Hello nt moore -- We have butchered our own in the past, I just wussed out this year. We will probably do our own next year, though. Unless we have turkeys. Never butchered a turkey before.

Howdy Liz -- Yeah the shop was pretty cool. And now that some time has passed, I have cooled down. I was just overly tired that day, and really wanted to get home before my kids got off the bus. Oh well!

Hey Leigh -- All those lovely stores are an hour-and-a-half's drive from us, so we don't go there very often! Yeah, I can imagine there's not a lot of call for milking buckets these days!

Hi Karen! You probably don't want to know what a killing cone is ... even when you do move out to Ellsworth, I doubt you'd be putting one to any use! Good luck with the builder!

Hey Erin -- Yes, my big sis has bought fifteen acres of corn field near Ellsworth, WI, and is planning out her dream country estate. Doesn't it sound fun?! I don't think she plans on butchering anything, though!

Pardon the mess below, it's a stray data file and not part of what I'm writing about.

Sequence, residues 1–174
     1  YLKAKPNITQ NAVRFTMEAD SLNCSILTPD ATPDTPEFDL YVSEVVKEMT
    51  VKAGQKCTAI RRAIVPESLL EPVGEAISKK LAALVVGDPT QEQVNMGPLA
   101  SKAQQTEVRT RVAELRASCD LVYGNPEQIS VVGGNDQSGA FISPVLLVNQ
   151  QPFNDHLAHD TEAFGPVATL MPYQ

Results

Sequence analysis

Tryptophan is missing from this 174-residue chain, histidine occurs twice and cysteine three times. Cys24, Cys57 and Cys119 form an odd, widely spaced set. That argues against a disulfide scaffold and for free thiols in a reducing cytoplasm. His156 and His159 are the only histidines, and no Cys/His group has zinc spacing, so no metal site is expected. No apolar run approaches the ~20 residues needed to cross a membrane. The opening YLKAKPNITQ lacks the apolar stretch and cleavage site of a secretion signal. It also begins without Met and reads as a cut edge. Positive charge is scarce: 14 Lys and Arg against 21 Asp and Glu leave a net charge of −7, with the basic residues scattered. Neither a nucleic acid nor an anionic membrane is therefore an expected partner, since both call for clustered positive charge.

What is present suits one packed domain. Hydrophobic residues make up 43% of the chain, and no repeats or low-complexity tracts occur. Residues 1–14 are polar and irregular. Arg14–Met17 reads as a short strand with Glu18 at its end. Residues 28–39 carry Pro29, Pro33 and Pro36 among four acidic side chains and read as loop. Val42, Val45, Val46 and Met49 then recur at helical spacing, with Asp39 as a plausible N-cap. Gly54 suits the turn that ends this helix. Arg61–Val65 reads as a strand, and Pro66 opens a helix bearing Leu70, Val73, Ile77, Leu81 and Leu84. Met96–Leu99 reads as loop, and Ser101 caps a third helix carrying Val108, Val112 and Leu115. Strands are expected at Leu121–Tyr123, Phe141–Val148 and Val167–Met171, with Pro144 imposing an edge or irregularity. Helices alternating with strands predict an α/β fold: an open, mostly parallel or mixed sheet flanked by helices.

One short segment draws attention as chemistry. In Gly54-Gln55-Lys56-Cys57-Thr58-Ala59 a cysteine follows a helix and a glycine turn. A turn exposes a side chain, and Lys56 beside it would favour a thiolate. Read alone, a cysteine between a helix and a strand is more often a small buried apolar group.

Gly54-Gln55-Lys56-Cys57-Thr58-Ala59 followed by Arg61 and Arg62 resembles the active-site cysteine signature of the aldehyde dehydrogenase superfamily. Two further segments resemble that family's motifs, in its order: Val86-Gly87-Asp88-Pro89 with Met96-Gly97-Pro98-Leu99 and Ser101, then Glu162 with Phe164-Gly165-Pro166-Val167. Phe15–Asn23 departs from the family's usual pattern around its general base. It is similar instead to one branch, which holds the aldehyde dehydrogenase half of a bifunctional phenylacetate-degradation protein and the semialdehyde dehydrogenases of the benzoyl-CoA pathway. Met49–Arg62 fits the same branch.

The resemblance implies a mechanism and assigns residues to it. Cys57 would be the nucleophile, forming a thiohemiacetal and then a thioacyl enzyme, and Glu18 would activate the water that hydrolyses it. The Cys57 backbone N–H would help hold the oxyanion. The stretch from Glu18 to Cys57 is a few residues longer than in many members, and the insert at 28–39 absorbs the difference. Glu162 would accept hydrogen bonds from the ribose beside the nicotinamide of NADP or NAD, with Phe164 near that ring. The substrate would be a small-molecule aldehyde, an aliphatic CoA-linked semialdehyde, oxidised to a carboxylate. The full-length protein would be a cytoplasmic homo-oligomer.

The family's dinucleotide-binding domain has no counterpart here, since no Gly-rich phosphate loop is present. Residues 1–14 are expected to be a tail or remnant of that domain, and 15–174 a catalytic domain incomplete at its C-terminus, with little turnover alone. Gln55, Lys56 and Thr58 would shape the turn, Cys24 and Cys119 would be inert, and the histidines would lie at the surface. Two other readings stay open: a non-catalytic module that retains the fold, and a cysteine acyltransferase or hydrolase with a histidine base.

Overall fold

Erin said...

Jo, that's actually where we are headed first at Christmas! My parents moved from the farm in Red Wing last year "to town" in Ellsworth, WI. Feels weird to me when we go since it's not where we grew up - and having parents that are Cheeseheads now LOL! At least it's only 15 mins from Red Wing though, what a small world it is!!

danny said...

Are any of these rooster the old ones that you had last year like those ameraucanas and your leghorn and salmon favorolle?

Jo said...

Nope, these were all from the 2010 additions. Of those older roosters, we butchered three of the six Ameracaunas last spring, gave two away, and kept the third. The leghorn roo disappeared mysteriously a few months ago, and we still have the two salmon faverolles. We kept one roo from the 2010 batch, a black silkie. So, we now have four roosters. They all seem to get along just fine.

danny said...

Thanks for replyling, is the ameraucana rooster you saved that old broken toe one.

Jo said...

Yup. He's a very nice old roo, we would never butcher him.